The trailer-on-flatcar, or TOFC, concept actually predates the trucking industry. For a brief period in the 1800s, Long Island farmers could ship their loaded wagons to market on a local railroad. The modern use of railroads to ship loaded trailers began on the Chicago Great Western Railroad (the Corn Belt Route) in 1935 and became widespread in the 1950s. Originally a large number of trailers were railroad-owned, and loading and unloading was done 'circus-style' by driving the trailers onto a string of flatcars from one end. A major advance came in the 1960s with the advent of the first side-lift cranes, dramatically speeding up loading and unloading. Today the combination of trailer and container shipments, known collectively as intermodal, constitutes the largest class of freight on American railroads.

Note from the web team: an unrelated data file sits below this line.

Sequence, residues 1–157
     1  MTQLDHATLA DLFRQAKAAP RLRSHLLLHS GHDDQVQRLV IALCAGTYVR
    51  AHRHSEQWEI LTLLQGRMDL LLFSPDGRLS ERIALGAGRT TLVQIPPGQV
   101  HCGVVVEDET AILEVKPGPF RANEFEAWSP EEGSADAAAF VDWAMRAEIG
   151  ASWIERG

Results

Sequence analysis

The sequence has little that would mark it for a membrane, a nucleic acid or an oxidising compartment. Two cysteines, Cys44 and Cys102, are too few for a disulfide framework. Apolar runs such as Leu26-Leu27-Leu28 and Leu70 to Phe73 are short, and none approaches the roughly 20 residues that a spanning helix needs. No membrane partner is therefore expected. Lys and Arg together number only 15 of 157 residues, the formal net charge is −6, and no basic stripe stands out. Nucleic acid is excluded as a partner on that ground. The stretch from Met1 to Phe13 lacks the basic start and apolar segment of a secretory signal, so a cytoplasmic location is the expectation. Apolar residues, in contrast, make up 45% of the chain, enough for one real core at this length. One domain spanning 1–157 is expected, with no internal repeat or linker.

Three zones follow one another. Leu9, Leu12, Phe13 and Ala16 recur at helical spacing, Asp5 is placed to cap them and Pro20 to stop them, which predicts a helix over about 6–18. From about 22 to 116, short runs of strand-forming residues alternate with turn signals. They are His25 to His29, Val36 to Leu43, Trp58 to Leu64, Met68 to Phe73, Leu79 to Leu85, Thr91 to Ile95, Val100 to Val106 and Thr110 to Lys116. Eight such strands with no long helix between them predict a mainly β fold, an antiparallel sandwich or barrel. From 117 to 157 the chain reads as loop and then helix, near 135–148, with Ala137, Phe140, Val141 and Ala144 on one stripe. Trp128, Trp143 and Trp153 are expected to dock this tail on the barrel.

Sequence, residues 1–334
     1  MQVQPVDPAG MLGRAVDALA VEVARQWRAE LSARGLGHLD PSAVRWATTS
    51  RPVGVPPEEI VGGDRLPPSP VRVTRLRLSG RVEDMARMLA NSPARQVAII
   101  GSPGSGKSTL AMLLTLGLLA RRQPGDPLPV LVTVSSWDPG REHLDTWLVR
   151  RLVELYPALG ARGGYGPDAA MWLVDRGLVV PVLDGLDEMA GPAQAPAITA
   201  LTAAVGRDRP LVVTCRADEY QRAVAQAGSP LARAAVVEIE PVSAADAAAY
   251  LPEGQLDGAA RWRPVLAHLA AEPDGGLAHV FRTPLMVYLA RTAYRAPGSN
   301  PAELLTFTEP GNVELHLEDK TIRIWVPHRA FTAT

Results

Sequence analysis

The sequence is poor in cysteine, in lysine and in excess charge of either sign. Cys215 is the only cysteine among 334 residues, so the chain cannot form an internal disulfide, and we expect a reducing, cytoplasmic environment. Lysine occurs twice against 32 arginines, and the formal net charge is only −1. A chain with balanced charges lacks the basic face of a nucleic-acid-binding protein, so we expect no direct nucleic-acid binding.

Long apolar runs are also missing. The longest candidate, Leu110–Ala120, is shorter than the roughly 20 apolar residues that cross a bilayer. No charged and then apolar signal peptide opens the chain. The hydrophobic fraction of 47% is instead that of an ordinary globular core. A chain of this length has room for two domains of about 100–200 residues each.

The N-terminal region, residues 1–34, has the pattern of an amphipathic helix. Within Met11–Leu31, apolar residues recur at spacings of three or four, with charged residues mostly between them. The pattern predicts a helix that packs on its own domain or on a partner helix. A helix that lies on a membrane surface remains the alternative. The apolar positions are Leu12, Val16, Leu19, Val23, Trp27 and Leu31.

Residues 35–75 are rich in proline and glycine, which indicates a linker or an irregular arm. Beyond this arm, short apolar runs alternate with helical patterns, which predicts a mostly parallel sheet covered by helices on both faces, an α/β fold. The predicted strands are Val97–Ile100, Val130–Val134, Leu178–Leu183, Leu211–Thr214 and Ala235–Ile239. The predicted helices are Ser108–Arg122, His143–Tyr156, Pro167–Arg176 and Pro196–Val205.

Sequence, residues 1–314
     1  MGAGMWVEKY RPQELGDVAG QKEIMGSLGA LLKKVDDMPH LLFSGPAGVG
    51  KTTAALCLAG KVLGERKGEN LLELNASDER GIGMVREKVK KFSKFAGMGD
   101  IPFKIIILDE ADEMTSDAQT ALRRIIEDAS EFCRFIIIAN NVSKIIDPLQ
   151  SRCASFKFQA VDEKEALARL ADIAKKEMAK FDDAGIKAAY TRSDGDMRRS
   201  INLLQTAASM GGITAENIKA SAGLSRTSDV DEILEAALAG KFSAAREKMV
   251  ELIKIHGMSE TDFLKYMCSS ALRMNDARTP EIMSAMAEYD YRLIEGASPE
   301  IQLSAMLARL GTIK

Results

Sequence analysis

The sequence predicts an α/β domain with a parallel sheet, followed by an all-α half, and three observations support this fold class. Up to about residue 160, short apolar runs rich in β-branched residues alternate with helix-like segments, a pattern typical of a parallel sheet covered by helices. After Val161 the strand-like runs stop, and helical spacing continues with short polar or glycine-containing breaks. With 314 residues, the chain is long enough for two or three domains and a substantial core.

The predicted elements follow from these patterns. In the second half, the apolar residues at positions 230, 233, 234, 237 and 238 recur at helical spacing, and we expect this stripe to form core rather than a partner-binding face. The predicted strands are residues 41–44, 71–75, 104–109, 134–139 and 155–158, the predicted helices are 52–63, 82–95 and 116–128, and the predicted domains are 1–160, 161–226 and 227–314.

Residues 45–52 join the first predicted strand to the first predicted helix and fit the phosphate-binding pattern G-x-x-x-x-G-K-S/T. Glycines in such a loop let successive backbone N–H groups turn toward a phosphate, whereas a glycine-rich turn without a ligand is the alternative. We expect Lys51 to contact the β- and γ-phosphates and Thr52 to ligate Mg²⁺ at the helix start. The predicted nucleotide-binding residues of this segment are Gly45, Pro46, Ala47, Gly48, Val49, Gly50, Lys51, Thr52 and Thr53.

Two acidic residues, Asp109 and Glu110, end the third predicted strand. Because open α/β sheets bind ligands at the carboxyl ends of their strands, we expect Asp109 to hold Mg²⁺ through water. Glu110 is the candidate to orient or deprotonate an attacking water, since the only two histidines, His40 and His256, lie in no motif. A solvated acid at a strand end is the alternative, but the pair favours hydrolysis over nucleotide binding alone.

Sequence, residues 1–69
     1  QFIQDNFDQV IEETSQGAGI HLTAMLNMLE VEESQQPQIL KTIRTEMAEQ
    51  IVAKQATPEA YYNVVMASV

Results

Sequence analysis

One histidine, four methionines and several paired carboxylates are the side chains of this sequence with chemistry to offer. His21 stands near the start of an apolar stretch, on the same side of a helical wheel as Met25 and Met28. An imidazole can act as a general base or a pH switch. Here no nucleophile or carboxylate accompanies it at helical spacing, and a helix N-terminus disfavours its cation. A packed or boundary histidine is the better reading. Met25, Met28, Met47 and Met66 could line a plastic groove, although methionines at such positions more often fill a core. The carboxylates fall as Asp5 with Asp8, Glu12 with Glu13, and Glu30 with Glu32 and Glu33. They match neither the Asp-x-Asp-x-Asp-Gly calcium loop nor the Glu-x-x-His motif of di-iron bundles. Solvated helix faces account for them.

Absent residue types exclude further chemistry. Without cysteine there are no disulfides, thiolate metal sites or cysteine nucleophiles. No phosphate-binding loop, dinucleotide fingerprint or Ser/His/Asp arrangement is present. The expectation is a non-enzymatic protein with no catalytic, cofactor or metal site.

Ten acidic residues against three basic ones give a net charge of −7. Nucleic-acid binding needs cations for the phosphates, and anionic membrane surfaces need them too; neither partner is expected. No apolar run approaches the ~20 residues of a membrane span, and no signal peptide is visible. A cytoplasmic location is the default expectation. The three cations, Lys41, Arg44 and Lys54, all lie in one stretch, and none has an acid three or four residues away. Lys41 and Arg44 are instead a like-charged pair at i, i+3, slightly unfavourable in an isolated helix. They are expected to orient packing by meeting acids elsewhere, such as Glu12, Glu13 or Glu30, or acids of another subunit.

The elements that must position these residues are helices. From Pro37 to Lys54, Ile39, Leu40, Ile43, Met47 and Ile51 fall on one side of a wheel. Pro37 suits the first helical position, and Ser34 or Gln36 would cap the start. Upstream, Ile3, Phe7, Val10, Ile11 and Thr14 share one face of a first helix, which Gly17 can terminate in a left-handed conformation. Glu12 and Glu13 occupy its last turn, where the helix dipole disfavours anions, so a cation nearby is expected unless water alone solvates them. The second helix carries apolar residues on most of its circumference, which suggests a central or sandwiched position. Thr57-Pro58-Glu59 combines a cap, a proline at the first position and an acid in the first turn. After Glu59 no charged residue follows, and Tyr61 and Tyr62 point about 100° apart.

Features include intricately detailed and durable ABS bodes, metal wheels and axles, operating die cast metal couplers, die cast sprung metal 4-wheel trucks and colorful paint scheme.